News | FFR Technologies | December 16, 2020

Acist Medical Partners With Medis to Distribute Angiography Image Derived FFR Quantification System

The partnership offers alternative QFR to invasive FFR assessment of coronary physiology

The Medis Quantitative Flow Ratio (QFR) is a novel, non-invasive, angiography-based physiologic FFR-like assessment of the presence and extent of coronary artery disease.

The Medis Quantitative Flow Ratio (QFR) is a novel, non-invasive, angiography-based physiologic FFR-like assessment of the presence and extent of coronary artery disease. 


December 16, 2020 – Acist Medical Systems Inc. announced a formal distribution partnership with Medis Medical Imaging to co-market in North America. This partnership is focused on Quantitative Flow Ratio (QFR), a novel, non-invasive, angiography-based physiologic assessment of the presence and extent of coronary artery disease. 

Headquartered in Leiden, Netherlands, Medis has been developing innovative post-processing software for the quantification of cardiovascular images for over 30 years, with QFR as their latest product. The QFR system is am image derived fractional flow reserve (FFR) technology that can measure the amount of blood flow through a coronary lesion or vessel segment to determine if a stent is required or if the patient can be treated medically.

Watch a quick VIDEO example of the QFR technology.

“This strategic collaboration expands our portfolio and enables Acist to better support the evolving needs of our customer. This partnership solidifies Acist’s position as the preferred physiology partner of choice with the ability to offer both invasive and non-invasive approaches to support the clinical utility that physiology provides,” said Brad Fox, president and CEO, Acist Medical Systems Inc.

Medis’ QFR is a proprietary solution delivering image-based functional assessment of coronary obstructions from standard coronary angiograms. The novel QFR approach applies advanced mathematical modeling to accurately and effectively measure the physiologic and anatomical extent of a patient’s coronary artery disease. QFR also improves the patient experience with fast procedure times, no invasive pressure wire, and no required adenosine administration.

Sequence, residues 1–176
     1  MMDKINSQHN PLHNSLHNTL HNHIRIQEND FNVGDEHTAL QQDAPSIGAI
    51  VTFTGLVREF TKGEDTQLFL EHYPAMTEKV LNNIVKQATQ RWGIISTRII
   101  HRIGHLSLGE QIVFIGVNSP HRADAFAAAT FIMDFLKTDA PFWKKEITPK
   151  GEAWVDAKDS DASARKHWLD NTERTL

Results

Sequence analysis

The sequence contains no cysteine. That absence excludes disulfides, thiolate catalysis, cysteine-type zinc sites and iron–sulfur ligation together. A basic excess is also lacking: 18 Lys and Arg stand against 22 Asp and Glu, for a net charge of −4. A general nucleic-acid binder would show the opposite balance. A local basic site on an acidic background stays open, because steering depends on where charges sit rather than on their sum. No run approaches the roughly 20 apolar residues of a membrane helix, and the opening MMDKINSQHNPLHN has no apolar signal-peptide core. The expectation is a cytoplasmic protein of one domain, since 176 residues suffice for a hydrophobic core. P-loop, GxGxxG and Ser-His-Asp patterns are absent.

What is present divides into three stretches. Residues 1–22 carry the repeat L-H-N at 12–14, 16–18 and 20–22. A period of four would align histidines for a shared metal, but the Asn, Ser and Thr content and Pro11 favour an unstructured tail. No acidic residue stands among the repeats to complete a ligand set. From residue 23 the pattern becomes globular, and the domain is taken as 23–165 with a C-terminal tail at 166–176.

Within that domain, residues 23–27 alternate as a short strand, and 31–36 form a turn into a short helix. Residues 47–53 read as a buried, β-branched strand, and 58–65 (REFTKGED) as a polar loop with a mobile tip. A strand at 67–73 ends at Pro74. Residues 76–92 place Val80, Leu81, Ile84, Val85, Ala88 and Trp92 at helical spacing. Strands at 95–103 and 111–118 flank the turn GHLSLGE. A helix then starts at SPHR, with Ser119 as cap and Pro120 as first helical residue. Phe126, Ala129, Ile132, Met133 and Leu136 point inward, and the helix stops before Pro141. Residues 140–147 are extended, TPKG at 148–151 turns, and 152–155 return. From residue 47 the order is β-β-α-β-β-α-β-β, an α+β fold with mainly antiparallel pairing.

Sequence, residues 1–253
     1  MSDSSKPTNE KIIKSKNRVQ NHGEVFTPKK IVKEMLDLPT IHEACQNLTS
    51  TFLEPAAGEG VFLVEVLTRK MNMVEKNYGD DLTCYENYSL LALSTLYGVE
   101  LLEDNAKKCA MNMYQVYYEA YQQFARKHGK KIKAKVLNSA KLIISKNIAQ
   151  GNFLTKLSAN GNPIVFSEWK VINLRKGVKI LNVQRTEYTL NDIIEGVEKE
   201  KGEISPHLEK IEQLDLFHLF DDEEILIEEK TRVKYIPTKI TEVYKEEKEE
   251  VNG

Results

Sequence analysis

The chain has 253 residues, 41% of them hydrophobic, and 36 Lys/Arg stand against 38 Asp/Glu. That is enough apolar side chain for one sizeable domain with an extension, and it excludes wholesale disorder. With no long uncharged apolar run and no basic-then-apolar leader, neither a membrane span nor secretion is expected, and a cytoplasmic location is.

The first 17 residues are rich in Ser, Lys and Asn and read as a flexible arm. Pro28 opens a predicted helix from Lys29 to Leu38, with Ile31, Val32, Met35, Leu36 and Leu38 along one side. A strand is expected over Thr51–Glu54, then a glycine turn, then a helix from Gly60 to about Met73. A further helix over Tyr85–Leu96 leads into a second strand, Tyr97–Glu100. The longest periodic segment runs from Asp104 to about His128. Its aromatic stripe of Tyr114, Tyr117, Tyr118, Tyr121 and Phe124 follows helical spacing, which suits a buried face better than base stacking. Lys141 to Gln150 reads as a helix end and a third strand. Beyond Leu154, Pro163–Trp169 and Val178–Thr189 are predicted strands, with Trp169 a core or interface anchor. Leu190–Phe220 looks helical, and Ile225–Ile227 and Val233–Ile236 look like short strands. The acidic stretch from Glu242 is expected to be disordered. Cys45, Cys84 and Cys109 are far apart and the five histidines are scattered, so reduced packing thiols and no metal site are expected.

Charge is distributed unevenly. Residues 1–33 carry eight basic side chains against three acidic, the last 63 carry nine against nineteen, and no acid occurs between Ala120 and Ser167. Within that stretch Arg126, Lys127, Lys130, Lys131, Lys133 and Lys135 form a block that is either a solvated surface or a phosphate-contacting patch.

According to Morton Kern M.D., chief of cardiology and interventional cardiologist at the VA Long Beach Healthcare System, California, “QFR represents a significant advance for assessment of coronary artery disease in the cath lab. Like other angiographically derived FFR, QFR will let the angiographer see the physiologic impact of the stenoses within a vessel of interest and make an informed decision on whether to stent or not without the need of a pressure wire or adenosine. While still in early clinical use, QFR and other angio-derived FFR systems will become a dominant method in the coming years by improving the patient experience and simplifying PCI decision-making.”

The QFR analysis is performed during the interventional procedure and can streamline workflow in the cath lab while driving economic value. Unlike traditional invasive assessments, including FFR and iFR, the QFR analysis output is co-registered with the angiogram and automatically identifies and prioritizes any functionally significant coronary obstructions. QFR provides the healthcare professional with more extensive and quantitative physiologic imaging results to support the patient’s diagnosis and better inform the patient’s treatment.

“Collaborating with Acist expands our global reach with a proven commercial partner in the USA, helping Medis bring value-based, clinically proven imaging innovation to more clinicians and patients. Introducing QFR in the USA is in line with the aspiration of Medis to establish QFR as the world’s leading technology in angio-based functional assessments,” stated Hans Brons, CEO of Medis.

Watch a quick VIDEO example of the QFR technology.

For more information: medisimaging.comwww.acist.com

 

Related FFR-Angio Content:

Image-based FFR May Replace Pressure Wires and Adenosine

7 Trends in Interventional Lab Angiography Systems

New Technology Directions in Fractional Flow Reserve (FFR)
 

 

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